Table 4. Volatile organic compounds of purified horse oil by supercritical fluid extraction and three deodorants (A.U. ×106)
Volatile organic compounds Flavor profile1) m/z LRI CON ACHO PACHO ZHO SEM
 (S)-(+)-3-Methyl-1-pentanol Cocoa, cognac, fruity, fusel, green 56.1 783 0.80 0.81 0.80 0.60 0.188
 1-Heptanol Leafy, coconut, herbal, peony, strawberry, chemical, musty, sweet, woody, violet, green 70 957 0.53 0.68 0.71 0.51 0.199
 1-Hexanol, 2-ethyl- Citrus, fresh, floral, oily, sweet, fatty, fruity 57 1,029 13.09a 13.03a 11.60a 1.67b 0.434
 1-Octen-3-ol Raw, fishy, oily, earthy, fungal, chicken, mushroom, green 57 968 7.15 9.02 8.54 5.13 0.998
 1-Pentanol, 4-methyl-2-propyl- NA 71 1,100 0.00b 2.16a 0.00b 1.57ab 0.445
 3-Octen-2-ol, (E)- Creamy, melon rind, mushroom, waxy 81 988 19.95a 19.48a 21.18a 4.68b 1.338
 Benzenemethanol, alpha,alpha-dimethyl- NA 121.1 1,089 0.00 0.13 0.00 0.10 0.030
 Ethanol, 2-(2-butoxyethoxy)- Faint butyl, mild ether 57.1 1,190 0.00c 0.41a 0.23ab 0.16bc 0.043
 Ethanol,2-(2-butoxyethoxy)-, acetate Mild, not unpleasant 87.1 1,370 0.00b 0.28a 0.11b 0.13ab 0.036
 p-Menth-4(8)-en-9-ol NA 136 1,283 0.00b 0.13a 0.00b 0.00b 0.004
 Sub total 41.53a 46.13a 43.17a 14.56b 1.696
 2,4-Decadienal, (E,E)- Fried, wax, fat 81.1 1,320 0.43 0.23 0.16 0.31 0.146
 2,4-Decadienal, (E,Z)- Fat, fatty, fried, geranium, green, wax 81.1 1,297 0.34 0.20 0.17 0.26 0.107
 2,4-Heptadienal, (E,E)- Cinnamon, hazelnut 81 1,005 14.18a 15.02a 14.18a 3.38b 1.372
 2,4-Nonadienal, (E,E)- NA 81 1,214 1.12a 1.17a 1.22a 0.19b 0.103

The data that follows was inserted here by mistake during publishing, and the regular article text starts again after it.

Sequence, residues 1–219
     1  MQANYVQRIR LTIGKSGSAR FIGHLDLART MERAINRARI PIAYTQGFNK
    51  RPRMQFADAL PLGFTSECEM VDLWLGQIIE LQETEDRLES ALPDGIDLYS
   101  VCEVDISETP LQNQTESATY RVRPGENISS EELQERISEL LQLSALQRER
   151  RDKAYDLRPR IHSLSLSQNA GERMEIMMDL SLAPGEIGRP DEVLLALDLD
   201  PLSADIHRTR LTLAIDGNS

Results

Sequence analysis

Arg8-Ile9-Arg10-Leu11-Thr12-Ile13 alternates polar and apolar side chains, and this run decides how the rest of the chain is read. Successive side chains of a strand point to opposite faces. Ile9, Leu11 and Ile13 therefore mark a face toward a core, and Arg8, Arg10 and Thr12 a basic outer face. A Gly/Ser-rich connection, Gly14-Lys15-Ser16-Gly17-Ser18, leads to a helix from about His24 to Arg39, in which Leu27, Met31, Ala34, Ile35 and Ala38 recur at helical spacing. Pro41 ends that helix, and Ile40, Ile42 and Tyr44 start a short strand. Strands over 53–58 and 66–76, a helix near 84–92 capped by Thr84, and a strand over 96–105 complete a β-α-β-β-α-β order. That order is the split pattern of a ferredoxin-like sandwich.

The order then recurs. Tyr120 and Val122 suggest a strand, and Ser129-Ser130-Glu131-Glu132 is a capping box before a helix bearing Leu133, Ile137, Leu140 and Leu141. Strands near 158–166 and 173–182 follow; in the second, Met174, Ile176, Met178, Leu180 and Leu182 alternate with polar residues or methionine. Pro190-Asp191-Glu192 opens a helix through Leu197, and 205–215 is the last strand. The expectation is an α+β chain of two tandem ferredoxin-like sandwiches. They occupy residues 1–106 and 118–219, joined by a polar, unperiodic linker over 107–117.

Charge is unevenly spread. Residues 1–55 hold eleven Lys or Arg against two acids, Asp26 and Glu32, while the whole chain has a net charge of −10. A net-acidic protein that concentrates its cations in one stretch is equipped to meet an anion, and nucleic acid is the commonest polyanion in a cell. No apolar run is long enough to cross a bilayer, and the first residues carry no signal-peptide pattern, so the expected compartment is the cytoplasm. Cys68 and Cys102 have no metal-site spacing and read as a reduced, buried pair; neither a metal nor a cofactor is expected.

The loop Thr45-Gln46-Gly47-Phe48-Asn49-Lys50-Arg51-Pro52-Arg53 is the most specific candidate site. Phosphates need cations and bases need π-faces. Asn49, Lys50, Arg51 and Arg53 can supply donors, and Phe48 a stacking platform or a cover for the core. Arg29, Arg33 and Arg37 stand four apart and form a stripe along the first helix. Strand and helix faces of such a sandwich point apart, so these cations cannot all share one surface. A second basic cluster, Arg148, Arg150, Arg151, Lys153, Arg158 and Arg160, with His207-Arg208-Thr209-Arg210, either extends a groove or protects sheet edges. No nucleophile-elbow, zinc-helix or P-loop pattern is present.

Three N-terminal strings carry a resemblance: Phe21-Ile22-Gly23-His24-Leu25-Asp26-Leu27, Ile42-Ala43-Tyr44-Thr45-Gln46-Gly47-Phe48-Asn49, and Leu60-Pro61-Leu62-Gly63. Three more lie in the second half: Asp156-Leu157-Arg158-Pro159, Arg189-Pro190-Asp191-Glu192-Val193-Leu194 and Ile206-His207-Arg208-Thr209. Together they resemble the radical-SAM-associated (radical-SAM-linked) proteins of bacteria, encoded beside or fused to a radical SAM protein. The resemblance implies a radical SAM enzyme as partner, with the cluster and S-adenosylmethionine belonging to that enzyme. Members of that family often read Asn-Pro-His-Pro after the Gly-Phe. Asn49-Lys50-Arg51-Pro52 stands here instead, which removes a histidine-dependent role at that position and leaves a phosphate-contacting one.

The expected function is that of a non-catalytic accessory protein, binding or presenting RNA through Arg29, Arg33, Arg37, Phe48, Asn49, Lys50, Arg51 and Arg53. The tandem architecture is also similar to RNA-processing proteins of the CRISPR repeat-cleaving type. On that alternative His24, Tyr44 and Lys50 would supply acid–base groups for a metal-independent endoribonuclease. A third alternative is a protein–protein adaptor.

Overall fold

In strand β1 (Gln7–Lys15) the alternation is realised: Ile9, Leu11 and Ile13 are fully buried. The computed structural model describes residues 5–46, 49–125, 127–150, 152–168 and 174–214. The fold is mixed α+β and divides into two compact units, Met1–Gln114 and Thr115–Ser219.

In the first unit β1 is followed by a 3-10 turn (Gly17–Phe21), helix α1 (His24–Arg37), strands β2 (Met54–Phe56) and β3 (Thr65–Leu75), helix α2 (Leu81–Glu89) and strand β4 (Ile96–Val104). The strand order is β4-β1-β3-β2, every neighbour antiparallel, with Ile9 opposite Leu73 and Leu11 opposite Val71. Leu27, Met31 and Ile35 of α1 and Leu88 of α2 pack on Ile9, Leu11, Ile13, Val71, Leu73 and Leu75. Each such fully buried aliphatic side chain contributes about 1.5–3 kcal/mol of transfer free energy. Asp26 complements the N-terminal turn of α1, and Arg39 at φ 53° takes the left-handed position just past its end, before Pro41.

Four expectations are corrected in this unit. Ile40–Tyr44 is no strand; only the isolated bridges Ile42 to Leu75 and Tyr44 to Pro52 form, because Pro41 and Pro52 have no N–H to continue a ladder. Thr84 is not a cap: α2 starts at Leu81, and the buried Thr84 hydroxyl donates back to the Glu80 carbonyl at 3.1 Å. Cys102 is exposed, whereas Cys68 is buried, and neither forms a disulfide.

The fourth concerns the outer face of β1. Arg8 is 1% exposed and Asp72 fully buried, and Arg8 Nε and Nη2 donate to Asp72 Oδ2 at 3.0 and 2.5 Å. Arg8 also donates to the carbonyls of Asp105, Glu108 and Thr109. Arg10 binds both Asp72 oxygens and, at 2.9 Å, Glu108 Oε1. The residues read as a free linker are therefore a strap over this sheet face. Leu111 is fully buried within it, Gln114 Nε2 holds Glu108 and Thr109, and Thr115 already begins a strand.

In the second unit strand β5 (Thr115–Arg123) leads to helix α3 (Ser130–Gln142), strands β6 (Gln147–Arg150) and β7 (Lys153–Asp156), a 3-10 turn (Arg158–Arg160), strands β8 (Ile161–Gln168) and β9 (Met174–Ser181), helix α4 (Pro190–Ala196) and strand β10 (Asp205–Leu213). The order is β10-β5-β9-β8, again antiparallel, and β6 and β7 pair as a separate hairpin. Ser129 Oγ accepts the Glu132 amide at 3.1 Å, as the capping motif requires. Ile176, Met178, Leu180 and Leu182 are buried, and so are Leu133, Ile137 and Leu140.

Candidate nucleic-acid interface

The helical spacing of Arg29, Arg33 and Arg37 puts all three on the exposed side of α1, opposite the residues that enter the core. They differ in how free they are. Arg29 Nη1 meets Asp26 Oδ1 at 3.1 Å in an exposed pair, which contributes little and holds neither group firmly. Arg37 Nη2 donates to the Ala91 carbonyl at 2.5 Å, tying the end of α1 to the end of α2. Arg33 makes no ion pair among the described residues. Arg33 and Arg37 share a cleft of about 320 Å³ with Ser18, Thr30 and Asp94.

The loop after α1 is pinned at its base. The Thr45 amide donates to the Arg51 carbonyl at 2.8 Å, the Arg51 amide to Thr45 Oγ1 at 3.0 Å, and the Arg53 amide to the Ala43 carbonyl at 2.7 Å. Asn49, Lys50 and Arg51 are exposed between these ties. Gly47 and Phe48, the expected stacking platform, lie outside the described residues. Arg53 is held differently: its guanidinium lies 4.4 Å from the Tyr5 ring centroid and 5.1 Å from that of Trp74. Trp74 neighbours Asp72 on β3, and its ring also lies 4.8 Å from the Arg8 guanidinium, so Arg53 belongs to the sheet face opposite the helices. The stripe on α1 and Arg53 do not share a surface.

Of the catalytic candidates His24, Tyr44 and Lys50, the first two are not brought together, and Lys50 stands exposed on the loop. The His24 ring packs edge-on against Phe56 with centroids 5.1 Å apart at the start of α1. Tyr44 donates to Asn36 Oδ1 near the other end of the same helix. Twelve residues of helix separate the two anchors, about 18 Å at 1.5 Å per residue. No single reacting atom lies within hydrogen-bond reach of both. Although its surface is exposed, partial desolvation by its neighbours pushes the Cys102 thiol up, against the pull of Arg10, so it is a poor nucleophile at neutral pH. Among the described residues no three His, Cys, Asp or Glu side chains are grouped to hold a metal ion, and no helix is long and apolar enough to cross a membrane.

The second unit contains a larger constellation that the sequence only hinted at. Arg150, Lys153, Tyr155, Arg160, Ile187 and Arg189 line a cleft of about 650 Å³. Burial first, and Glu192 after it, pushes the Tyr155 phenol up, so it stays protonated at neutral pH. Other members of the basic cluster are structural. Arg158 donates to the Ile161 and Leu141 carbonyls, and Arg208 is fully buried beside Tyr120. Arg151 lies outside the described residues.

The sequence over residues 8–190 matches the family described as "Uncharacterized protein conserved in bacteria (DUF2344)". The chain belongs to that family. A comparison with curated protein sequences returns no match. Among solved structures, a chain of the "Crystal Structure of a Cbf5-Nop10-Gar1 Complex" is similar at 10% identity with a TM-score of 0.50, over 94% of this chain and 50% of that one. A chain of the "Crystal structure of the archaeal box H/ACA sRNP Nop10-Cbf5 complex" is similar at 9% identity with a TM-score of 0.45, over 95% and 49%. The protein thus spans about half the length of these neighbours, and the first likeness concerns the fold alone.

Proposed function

2-Decenal, (E)- Orange, coriander, rose, tallow, waxy, oily, fatty, earthy, floral, aldehydic, mushroom, green 70.1 1,265 0.21 0.15 0.16 0.14 0.049
 2-Nonenal, (E)- Aldehydic, citrus, cucumber, fat, fatty, green, paper 70.1 1,163 0.40 0.48 0.37 0.45 0.116
 2-Octenal, (E)- Green, nut, fat 83 1,049 2.42a 2.32a 2.53a 0.40b 0.105
 4-Nonenal, (E)- Fruity 69.1 1,103 0.00 0.26 0.41 0.30 0.103
 4-Oxohex-2-enal NA 83 944 0.00b 0.81a 0.67a 0.00b 0.032
 5-Ethylcyclopent-1-enecarboxaldehyde NA 67 1,028 1.57 1.56 1.48 1.59 0.311
 Benzaldehyde, 2,4-dimethyl- Almond, cherry, naphthyl, spice, vanilla 57 1,178 0.00b 0.09a 0.08a 0.00b 0.009
 Benzaldehyde, 3,4-dimethyl- NA 133 1,228 0.05 0.04 0.00 0.01 0.013
 Benzaldehyde, 4-ethoxy- Sweet, spicy, floral, anisic 121 1,324 0.09 0.14 0.14 0.18 0.054
 Benzeneacetaldehyde Hawthorn, honey, sweet 91.1 1,043 0.27 0.27 0.19 0.19 0.069
 Decanal Soap, orange peel, tallow 57 1,206 0.24a 0.16b 0.2ab 0.02c 0.013
 Hexanal, 5-methyl- NA 70 845 9.18a 8.54a 9.17a 1.07b 0.440
 Nonanal Citrus, lime, orange peel, rose, fat, green, fishy, waxy, fresh, fatty, peely, aldehydic, orris, grapefruit 57.1 1,110 4.15a 4.75a 4.23a 0.51b 0.238
 Octanal Lemon, citrus, soap, orange peel, fat, waxy, fatty, aldehydic, green 57 997 2.78a 3.25a 3.08a 0.73b 0.131
 Propanal, 2,2-dimethyl- NA 57.1 554 14.10 0.00 19.15 14.10 5.078
 Sub total 51.53a 39.45ab 57.58a 23.83b 5.788